This morning, at 0530, we found that we had dug too deep, that things had gone too far. A chamber was broken into. We descended into the darkness, the absence of light so oppressive that the darkness felt like ink on our skins. We descended into madness.
This is how it felt, anyway, as we loaded the cats into their carriers, stacked the carriers atop one another, and descended the elevator. Once outside, we helped load the cats into the waiting van and handed over their pet passports. They will be taken for a final checkup and will spend the night at a boarding facility. Tomorrow, they will head to CDG at some ungodly-early hour, where they will be held in the pet facility before they are palletized, driven out to the runway, and loaded into the belly of an aluminum bird that is powered by liquid dead things. At 1010 or thereabouts, the aluminum bird. calling itself Air France Flight 636 (because these beasts are regarded as normal, and the fact that they fly by burning long-dead-biological material is not regarded as insane) will race down the runway and lift itself into the sky.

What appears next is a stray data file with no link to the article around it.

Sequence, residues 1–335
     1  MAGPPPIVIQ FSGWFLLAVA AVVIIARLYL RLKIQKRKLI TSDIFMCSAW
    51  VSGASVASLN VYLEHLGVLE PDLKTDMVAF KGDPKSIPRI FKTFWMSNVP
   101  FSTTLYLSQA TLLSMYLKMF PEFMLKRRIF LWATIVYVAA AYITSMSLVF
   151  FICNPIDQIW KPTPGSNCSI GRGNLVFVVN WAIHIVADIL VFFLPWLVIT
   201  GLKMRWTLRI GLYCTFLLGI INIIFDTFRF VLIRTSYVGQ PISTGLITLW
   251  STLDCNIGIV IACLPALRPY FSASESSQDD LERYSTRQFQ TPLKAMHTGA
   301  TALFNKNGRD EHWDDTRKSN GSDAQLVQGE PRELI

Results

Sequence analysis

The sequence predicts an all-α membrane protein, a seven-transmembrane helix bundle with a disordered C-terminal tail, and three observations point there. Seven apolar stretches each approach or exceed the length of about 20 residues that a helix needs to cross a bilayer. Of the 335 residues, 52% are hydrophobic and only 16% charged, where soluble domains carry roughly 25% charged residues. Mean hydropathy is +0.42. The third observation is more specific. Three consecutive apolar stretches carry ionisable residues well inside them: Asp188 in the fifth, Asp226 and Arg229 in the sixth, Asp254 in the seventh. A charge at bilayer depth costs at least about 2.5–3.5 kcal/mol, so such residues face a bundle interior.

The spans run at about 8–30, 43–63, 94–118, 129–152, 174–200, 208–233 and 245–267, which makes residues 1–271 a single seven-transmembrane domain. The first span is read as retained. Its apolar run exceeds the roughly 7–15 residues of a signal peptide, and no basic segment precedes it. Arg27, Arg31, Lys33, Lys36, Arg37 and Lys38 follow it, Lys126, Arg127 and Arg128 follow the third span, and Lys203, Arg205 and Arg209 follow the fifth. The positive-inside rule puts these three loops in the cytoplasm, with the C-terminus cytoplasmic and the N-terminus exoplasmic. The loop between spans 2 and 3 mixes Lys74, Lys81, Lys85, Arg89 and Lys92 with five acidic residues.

In the briefest of instants, Fezzik will no longer be present in Paris. In just over two weeks, neither will we; what started off as a one-year hitch became more than three-and-a-half years of our lives. Now we’re being dragged, resigned, away from the life that we had built ourselves. It feels much like descending into madness.
It probably looks like it, as well; for the nth time this evening, I’ve talked to a shadow flicking through the corner of my eye, a shadow which should be a cat.
None of the cats, however, are there.